We’re thrilled to announce that our principal, Cathy Purple Cherry, has been named a 2018 Baltimore Visionary by Baltimore Magazine! Be sure to check out her profile in the February issue and read more here on how she and this group of Baltimore Visionaries are shaping the city’s future—one big idea at a time.
“Ask Cathy… An Open Dialogue with a Mother and Special Needs Architect”
Q: I’d like to repaint my daughter’s room. Can you explain how colors impact a child on the autism spectrum?
A: Science has shown that colors have an impact on mood, and color has a long history of therapeutic use (Withrow, 2004). Generally speaking, bright colors are exciting, and soft colors are calming. However, the effect of particular colors on ASD children can vary, and trial and error with multiple colors may be necessary to determine the color that is right for any individual child. In general: RED stimulates the mind, increases circulation and appetite, BLUE is calming, reduces blood pressure, BRIGHT YELLOW reflects light, can overstimulate, PALE YELLOW is calming, GREEN is soothing, associated with nature and creativity, LIGHT PINK or rose is soothing.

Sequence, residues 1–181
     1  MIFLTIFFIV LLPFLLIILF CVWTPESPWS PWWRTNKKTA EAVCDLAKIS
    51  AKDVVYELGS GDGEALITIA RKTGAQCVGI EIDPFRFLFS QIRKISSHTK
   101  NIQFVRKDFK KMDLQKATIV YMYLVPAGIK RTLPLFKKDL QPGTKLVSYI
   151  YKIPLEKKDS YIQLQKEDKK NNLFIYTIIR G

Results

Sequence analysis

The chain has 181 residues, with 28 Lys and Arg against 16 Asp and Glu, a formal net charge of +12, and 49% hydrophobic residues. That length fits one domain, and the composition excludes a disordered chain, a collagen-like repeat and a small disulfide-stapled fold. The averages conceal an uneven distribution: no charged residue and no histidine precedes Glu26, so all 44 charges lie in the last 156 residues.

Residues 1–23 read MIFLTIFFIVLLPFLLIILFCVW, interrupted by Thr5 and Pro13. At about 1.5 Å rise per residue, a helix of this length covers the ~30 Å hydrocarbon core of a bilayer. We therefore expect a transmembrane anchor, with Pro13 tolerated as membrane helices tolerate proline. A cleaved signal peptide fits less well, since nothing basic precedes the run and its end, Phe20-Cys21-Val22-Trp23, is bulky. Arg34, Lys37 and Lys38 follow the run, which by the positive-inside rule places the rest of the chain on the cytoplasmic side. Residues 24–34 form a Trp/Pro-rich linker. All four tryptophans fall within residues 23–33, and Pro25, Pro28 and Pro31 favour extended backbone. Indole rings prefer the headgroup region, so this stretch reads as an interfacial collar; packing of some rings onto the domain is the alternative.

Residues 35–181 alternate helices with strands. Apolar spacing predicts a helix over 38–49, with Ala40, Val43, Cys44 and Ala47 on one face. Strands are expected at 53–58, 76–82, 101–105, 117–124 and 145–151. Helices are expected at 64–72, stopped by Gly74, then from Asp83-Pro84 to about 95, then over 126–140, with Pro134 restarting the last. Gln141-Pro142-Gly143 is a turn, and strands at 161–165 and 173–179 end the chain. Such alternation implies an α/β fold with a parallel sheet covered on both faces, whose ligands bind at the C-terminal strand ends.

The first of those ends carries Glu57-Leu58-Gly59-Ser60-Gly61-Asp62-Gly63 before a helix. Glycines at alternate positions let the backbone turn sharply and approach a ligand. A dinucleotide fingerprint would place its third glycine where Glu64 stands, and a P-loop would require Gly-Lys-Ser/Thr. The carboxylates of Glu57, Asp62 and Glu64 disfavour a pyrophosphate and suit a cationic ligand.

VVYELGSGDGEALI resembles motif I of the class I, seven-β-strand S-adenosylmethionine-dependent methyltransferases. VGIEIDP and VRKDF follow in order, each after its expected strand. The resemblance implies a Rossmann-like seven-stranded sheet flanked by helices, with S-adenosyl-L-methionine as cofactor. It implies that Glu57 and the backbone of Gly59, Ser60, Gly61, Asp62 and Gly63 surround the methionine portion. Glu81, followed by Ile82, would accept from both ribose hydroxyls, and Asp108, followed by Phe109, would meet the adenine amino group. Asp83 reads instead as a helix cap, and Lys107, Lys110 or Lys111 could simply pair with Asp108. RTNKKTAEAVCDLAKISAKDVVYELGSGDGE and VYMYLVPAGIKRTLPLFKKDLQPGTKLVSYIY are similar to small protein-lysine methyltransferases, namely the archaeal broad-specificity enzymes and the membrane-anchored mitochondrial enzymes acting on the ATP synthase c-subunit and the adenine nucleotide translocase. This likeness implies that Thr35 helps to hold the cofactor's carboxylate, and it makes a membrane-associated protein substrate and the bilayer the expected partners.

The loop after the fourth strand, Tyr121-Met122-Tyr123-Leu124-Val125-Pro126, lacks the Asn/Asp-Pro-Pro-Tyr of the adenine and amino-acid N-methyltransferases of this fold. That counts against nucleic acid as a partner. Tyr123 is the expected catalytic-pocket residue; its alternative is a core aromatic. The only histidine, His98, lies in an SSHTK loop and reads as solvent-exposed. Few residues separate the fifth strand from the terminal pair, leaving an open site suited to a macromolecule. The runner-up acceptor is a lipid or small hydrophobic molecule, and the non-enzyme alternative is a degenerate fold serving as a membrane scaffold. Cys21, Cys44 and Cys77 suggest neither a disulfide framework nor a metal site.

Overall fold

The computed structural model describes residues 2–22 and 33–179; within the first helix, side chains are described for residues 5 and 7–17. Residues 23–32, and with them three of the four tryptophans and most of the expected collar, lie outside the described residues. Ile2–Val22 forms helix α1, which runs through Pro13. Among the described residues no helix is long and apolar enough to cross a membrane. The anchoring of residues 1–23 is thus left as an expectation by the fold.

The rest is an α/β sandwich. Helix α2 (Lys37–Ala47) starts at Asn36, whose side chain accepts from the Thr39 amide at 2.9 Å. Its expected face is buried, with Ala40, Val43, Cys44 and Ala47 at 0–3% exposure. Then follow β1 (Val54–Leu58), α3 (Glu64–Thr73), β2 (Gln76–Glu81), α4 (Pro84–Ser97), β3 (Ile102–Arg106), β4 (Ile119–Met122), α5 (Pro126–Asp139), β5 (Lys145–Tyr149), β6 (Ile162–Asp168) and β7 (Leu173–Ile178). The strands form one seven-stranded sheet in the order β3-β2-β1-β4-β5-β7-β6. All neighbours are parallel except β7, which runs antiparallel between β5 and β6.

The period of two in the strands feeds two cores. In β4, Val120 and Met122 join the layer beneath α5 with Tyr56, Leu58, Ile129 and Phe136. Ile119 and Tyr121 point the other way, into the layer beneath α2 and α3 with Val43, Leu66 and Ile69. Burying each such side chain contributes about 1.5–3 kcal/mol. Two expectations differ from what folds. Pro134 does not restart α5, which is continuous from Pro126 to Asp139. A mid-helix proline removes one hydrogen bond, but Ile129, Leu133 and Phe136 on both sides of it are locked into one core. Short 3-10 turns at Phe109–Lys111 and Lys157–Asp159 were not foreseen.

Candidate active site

Research has shown that some ASD children ….
Probably the biggest change we experienced as a family with a special needs son was puberty. With puberty and adolescence came more passive-aggressive behaviors. With age came strength. Now, put the two together, and you have more aggression, whether shown through self-harm or harm to others. The second change involved intentional manipulation of behaviors or reactions but seemingly without any rational thinking. In other words, our son believed if he punched the wall, it would create enough threat that he would maybe win something even though he did not realize that he was losing the battle.
There are several design strategies that can be implemented into K-12 school settings that aid children with special needs to be more successful during their learning years. While there are design guidelines required by the Americans with Disabilities Act (ADA) such as ramps, handicapped-accessible bathrooms, and stair railing extensions, there are other non-regulated improvements that greatly increase the ability for children with special needs to learn more successfully.